If you follow me on social media you may have seen a few posts about my carnivorous plants. I’ve been fascinated with them since I was a wee lad and my father bought me a Venus fly trap from an ad I saw in the back of a comic book. The poor thing didn’t last long. It didn’t come with instructions so I was giving it tap water and trying to feed it bits of raw ground beef. Both are big mistakes when it comes to these types of plants.
About fifteen years ago my interest in them was renewed when I attended a lecture at a local plant nursery. I then picked up a couple of books on the topic and discovered that there are carnivorous plants growing in my area. Of course, carnivorous plants are protected, so digging them up in the wild is a big no-no and can result in fines and jail time. Luckily, there are licensed nurseries all over the U.S. that cultivate and sell them.
I’ve picked up most of my plants from California Carnivores. They offer an amazing variety that caters to both amateurs and professionals. I’ve also picked up a couple of plants locally. There’s a guy here who cultivates them in his backyard bog garden, then sells them through a locally-owned nursery.
Right now my pitcher plants are doing well. I have them planted in five gallon pots in a mixture of sphagnum moss, perlite, and pine bark. Odd, right? The thing about carnivorous plants is that they don’t get much, if any, nutrition from the ground they grow in. Regular potting soil will kill them. Even tap water can be deadly, so I have a free-standing rain barrel that I use to water them. Despite their meat-eating habits, they’re actually quite delicate. To try to and keep them as comfortable as possible, I mostly leave them alone and let them do their thing, only pruning in the winter and leaving some of the dying pitchers until they completely dry out.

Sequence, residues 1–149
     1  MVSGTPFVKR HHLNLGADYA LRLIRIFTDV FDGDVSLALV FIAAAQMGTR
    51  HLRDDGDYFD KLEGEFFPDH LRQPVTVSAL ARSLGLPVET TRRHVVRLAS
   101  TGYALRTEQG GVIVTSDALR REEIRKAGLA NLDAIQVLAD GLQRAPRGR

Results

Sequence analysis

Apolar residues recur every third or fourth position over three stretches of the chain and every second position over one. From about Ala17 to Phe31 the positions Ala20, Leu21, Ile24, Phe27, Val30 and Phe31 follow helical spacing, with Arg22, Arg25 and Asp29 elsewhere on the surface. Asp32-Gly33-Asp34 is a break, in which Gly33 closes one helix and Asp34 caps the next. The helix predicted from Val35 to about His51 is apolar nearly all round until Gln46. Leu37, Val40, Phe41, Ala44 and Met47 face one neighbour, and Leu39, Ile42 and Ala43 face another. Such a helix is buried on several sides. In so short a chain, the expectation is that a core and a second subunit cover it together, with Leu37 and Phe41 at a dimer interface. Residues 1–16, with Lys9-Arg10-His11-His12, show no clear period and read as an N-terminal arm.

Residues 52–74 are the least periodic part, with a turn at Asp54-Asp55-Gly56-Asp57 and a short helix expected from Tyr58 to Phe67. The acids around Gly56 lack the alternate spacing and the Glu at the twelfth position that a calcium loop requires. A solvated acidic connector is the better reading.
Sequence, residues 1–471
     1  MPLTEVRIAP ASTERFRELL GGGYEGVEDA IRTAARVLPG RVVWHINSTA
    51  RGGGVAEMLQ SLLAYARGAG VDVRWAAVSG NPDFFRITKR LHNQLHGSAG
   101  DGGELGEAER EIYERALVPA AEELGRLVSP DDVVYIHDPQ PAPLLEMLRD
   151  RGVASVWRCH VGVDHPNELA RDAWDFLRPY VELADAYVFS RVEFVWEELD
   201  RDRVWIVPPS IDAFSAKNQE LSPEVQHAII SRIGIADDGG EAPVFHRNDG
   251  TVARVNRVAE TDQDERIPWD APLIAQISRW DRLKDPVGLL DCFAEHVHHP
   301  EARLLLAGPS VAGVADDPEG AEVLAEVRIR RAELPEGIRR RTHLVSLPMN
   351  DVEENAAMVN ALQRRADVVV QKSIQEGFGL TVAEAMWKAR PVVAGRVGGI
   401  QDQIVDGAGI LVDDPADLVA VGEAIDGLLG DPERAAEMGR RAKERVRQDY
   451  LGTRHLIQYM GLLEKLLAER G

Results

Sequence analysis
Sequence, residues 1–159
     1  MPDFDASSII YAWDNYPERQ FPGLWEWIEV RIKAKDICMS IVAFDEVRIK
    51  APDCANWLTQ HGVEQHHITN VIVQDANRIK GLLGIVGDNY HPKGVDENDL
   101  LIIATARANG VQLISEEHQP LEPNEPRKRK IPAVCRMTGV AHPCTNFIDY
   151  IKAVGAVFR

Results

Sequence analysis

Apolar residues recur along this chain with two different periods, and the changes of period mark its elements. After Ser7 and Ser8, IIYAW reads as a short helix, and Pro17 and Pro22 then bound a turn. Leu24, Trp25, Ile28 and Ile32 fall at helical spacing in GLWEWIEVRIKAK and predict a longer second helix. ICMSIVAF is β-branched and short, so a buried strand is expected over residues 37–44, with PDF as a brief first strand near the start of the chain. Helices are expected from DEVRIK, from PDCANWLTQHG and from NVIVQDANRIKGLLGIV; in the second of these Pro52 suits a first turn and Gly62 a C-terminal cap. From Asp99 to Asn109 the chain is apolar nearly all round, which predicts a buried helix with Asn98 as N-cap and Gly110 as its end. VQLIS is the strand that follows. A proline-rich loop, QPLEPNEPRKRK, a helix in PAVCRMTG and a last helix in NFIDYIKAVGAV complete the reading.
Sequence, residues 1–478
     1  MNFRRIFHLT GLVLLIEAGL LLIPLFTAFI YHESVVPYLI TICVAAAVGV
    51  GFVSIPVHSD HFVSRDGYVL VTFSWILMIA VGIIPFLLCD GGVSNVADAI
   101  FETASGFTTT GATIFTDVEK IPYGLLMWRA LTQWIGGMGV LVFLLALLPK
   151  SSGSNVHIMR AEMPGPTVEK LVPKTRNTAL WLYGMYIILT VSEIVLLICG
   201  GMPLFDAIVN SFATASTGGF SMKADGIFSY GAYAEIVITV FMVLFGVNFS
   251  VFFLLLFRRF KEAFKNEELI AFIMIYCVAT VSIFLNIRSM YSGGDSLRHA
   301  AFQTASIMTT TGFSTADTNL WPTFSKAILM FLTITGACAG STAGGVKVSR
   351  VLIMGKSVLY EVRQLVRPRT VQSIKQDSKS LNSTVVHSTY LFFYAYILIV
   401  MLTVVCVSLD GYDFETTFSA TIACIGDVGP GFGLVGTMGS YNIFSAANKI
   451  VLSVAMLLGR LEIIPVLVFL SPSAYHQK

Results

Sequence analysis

I don’t want to bore you with all the cool biology and tongue-twisting scientific names, but I think you might enjoy seeing a few of my pets.
This is a white pitcher plant that’s indigenous to my area here in North Florida. They grow wild in the national forest just south of town. The pitchers, at least in the pots on my patio, grow to a height of three to four foot. The lip of the pitcher excretes a sweet substance that attracts bugs. Then they slip and fall into the pitcher where they drown, and are digested, by enzymes in the water that gets trapped in there. The plants also have fine hairs pointing downwards that line the interior of the pitchers. In this photo, one pitcher is open for business while the other one is just about ready to open. If you click and zoom in, you can seem some of those fine hairs on the lid of the open one.
And here are some of my red, hooded pitchers. They tend to stay low to the ground. The interesting thing about this type of pitcher is the hood. When bugs fall in they obviously try to get back out. The white spots on the hood allow light in, which tricks the bugs into thinking that’s the way out. What they do is bounce off the inside of the hood over and over until they’re exhausted, then down into the enzyme soup they go!
This photo is of some regular hooded pitchers. The same thing applies here with the white ‘bubbles’ on the hood helping to render the victims immobile. If you look close, you can also see an Australian sundew that’s moved into the neighborhood.
Fun fact: When I bought the Australian sundew I was told it was sterile and wouldn’t propagate. Over the course of three or four years it would flower like crazy and seed up, but that’s it. Then, earlier this year, I found that some seeds fell into this pitcher pot and sprouted. I must be doing something right.
I’ll share more of my deadly little garden in the future. I also have Venus fly-traps, sundews, and a variety of other pitchers.